(written by Tony Odierna)
The art of shotblocking is a critical but greatly misunderstood skill that should be properly employed by ALL players throughout the game. Shotblocking or the threat of it:1) saves goals that might be scored into open nets 2) allows for greater coverage of the slot because players can meet their distant responsibilities by sliding 3) leads to goals for the defensive team by suddenly directing the puck toward the opposite end and catching the opposition flatfooted 4) causes some opponents to delay their shooting for fear of having the shot blocked, thus increasing the chance for defensive coverage to approach the puckcarrier and others more closely in order to stifle the offense and 5) serves as an important eraser for teammates’ mistakes.
I stress mainly two types of shotblocking - the double knee drop and the sliding block - although any maneuver which results in a blocked shot is satisfactory. I believe that the mistaken notion that shotblocking will always cause injuries and the fact that many coaches do not understand its subtleties and, therefore, are uncomfortable with teaching this skill are two major reasons why shotblocking is not emphasized more than it is.
At times, there will definitely be negatives associated with shotblocking, as with many other facets of the game. For example, a player attempting to block a shot might: 1) fail and serve as a screen on a shot that the goalie otherwise would save 2) be injured while blocking a shot or 3) be faked to the ice and have the puckcarrier skate past him for an improved chance to score. However, none of these possible occurrences is a justifiable reason for not employing shotblocking. Would a coach instruct his players to avoid bodychecking or to avoid standing directly in front of the net when his defenseman is trying to score from the point simply because, at times, these situations have resulted in injuries or other negatives?
Simply diving or throwing oneself on all occasions toward all shots will cause far more harm than good. Shotblocking must be done at the proper time and in the proper manner - not anytime, anyhow, and anyplace. For example, there is certainly no need for a defensive player confronted with a 1 on 1 situation to attempt to block a shot taken from the blueline. It has been my experience that the greatest difficulty for a shotblocker is confronting a fast-skating, good stick-handling player who can employ body moves, disguise his shot, and snap it quickly.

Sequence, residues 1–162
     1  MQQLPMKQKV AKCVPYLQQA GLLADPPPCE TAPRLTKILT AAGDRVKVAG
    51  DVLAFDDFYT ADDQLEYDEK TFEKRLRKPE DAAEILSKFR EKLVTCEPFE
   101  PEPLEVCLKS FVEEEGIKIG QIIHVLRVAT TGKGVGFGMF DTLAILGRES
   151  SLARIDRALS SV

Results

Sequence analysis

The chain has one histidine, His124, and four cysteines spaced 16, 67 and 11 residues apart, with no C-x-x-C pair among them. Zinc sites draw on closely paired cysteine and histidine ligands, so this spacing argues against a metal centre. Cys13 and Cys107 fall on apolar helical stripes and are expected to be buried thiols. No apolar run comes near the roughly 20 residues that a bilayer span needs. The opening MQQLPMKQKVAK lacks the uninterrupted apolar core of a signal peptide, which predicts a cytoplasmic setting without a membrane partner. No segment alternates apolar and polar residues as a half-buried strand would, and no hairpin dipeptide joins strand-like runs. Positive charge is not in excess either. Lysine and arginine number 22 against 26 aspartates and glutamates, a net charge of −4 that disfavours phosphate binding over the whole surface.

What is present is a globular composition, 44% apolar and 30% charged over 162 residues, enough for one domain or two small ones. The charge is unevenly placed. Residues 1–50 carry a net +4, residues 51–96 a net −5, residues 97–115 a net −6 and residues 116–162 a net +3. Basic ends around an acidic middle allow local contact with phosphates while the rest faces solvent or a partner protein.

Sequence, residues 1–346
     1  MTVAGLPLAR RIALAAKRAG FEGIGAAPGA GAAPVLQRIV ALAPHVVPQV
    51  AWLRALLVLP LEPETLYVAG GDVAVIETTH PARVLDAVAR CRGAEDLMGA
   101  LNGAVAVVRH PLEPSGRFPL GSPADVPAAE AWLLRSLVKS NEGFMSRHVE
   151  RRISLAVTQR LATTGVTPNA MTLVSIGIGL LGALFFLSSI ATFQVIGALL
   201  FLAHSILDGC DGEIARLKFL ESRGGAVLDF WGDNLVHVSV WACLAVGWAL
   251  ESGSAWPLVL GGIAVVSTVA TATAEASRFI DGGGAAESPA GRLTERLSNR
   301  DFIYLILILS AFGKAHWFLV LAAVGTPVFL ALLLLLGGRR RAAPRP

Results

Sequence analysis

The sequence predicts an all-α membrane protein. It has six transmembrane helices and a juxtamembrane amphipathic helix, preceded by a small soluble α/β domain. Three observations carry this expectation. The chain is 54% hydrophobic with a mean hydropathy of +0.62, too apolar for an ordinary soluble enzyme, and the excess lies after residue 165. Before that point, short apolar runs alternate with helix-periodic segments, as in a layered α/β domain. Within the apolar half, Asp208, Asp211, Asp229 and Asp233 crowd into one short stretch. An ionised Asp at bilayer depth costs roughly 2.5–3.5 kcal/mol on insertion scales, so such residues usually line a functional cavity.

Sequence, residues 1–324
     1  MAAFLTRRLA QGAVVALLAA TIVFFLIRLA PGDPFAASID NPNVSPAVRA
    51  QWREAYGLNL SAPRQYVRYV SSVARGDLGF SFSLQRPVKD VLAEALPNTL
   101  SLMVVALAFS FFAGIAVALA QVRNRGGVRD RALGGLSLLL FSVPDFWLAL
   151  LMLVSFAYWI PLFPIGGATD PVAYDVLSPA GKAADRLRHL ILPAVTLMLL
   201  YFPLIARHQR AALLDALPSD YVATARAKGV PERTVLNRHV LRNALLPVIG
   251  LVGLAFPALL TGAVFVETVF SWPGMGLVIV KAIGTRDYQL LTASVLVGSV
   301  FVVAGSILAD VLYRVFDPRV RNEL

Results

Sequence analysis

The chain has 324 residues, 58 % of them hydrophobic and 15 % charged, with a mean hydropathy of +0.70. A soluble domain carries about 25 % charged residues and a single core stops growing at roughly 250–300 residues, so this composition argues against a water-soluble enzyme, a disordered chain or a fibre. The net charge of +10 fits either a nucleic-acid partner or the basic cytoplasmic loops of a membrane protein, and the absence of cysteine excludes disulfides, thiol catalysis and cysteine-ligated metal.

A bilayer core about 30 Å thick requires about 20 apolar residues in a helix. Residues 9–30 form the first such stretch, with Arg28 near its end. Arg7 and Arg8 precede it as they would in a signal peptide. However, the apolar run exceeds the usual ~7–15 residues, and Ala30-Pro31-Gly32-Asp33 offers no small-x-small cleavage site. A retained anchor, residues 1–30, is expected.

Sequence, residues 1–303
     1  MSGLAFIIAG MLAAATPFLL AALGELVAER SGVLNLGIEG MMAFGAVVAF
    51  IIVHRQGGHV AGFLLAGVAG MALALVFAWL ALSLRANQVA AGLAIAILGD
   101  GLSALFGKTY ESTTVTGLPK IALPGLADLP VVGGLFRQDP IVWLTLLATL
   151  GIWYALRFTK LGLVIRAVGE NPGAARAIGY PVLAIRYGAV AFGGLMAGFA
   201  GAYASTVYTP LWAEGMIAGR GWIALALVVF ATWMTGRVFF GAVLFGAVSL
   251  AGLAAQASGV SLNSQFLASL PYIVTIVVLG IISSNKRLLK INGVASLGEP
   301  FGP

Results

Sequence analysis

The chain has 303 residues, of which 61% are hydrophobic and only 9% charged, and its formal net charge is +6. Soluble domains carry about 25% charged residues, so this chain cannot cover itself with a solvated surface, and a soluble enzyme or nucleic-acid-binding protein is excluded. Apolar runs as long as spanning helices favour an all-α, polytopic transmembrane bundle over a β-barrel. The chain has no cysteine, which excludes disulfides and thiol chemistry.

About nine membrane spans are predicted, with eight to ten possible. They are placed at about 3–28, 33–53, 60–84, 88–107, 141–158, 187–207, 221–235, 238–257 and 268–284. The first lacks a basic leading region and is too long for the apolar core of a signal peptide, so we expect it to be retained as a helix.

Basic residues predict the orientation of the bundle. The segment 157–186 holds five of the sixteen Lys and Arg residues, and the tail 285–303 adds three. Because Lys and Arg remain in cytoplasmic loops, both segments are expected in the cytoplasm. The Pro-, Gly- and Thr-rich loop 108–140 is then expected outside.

In the double knee drop, a defender should drop to the ice or drop to and slide on the ice toward the shooter’s stick with both knees together so that there is a greatly reduced chance that the puck, when released, will travel between his legs. The stick should be held in the hand that normally grips the top of the stick, and the arm without the stick should be held against the body so that there is no space for the puck to go under the shoulder. The palm of the hand on this arm should face away from the shooter because the palm is on the unprotected side of the glove, and the fingers could be injured if hit by a shot. The head should face forward, with the neck tucked in and, if all of the above are done, there should be little chance of injury to the player attempting to block the shot and a maximum chance for success.
Ideally, the defender should attempt to block the shot anywhere from approximately two through four yards in front of the shooter. If the defender is closer than this, the potential shooter might fake the shot, and the defender could be too close to adjust by the time this attacker moves around him. If the defender is farther away, the shot might rise over his body, which could be serving as a screen; and the shot, traveling at a faster rate of speed, would probably be more apt to injure the defender if it hit him in a vulnerable area.
The potential shotblocker must be certain not to jump into the attempt to block the shot because this will lessen his stability and delay his contact with the ice so that the puck might pass under him. Jumping into an attempted block is as bad as a runner in baseball trying to “beat out” an infield ground ball by taking a final long-jump step at first base. It seems to be the natural thing to do, but it usually results in failure. The potential shotblocker must be in control of his speed and movements as he prepares to block the shot because the faster any defender (not only a shotblocker) moves toward any attacker, the more vulnerable the defender is to being “faked out.”